With 267 million records being exposed in data breaches in 2012, experiencing a breach may be inevitable, but the bank-breaking costs often associated with them doesn’t have to be. In fact, a Ponemon study reveals that organizations can greatly reduce the cost of a data breach by having an incident response plan, a strong IT security posture and a Chief Information Security Officer.
That’s why this Response Guide is a vital tool that can be used in defense against data breaches.
Inside, you’ll learn why it’s important to have an incident response plan, how to create one and what to do during the first 24 hours of a breach.
We’ll explain what you need to know about notifying your customers, patients or employees. The guide also has the latest information on the HIPAA Omnibus Rule and upcoming federal legislation on breach notification laws. After you create your response plan, it’s important to test and update it. Recommendations for updating your plan are included in this publication, along with some helpful resources.
So please, take a little time to review this guide, and if you don’t have an incident response plan, use this to help create one. It could mean the difference between a breach that causes a brief disruption and one that causes a major meltdown.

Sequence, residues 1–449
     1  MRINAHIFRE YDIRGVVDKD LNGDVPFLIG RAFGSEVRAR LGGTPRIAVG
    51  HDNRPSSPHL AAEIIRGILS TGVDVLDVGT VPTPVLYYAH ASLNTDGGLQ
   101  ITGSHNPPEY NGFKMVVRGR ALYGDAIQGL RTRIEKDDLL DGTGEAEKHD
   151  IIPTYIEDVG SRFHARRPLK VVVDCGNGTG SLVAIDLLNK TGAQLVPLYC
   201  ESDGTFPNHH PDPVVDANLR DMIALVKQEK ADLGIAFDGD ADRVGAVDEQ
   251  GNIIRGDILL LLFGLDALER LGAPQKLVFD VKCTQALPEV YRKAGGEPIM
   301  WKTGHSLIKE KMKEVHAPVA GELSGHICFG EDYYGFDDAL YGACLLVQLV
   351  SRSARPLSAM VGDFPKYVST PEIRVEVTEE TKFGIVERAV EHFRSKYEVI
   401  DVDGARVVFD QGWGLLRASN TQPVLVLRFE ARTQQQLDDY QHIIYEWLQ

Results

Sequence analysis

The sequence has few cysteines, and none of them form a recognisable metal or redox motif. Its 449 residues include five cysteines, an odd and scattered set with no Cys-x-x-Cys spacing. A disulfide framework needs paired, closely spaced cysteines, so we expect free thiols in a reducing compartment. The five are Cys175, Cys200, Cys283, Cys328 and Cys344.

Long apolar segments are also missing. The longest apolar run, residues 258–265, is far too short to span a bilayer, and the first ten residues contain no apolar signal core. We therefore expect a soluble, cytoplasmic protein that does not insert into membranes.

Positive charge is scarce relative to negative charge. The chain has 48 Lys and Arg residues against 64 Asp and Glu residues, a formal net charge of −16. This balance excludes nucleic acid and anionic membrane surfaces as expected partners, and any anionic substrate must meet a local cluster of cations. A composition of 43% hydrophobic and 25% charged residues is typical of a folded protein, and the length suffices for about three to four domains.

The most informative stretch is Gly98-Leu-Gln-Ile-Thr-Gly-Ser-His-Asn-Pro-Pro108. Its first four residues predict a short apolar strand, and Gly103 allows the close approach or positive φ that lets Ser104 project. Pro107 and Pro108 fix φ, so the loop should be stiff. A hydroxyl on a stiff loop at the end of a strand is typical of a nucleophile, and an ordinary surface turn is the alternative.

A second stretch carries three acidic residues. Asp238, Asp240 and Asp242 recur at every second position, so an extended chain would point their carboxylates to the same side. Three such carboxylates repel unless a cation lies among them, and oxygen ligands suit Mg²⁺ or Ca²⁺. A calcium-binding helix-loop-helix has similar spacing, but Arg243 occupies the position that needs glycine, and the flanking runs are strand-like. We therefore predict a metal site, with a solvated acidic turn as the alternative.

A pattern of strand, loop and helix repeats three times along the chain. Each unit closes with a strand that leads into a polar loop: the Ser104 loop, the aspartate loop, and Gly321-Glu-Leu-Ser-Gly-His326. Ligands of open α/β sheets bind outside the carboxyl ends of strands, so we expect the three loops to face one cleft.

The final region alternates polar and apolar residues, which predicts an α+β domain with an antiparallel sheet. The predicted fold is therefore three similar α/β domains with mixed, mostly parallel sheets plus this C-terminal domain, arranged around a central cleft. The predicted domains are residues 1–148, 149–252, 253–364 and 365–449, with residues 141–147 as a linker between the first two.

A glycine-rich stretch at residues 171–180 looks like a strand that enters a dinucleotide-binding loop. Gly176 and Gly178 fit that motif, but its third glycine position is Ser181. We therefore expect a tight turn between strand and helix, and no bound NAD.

Is Your Company Ready For a Big Data Breach?
The latest study from the Ponemon Institute, sponsored by Experian® Data Breach Resolution
How prepared is your company for a material data breach involving the loss or theft of more than 1,000 records containing sensitive or confidential business information? How would you grade the incident response plans in place that would reduce such negative consequences as the loss of reputation, customer loyalty and regulatory fines?
In a new study sponsored by Experian® Data Breach Resolution, Ponemon Institute surveyed a representative sample of privacy and compliance leaders in various-sized organizations in the United States on the following topics:
- Expectations that their organizations will experience a material data breach resulting in loss
- of customer trust, regulatory fines, loss of customer and negative public opinion
- Data security practices in place to avoid a material data breach
- The existence of a quality data breach preparedness plan
How To Manage a Data Breach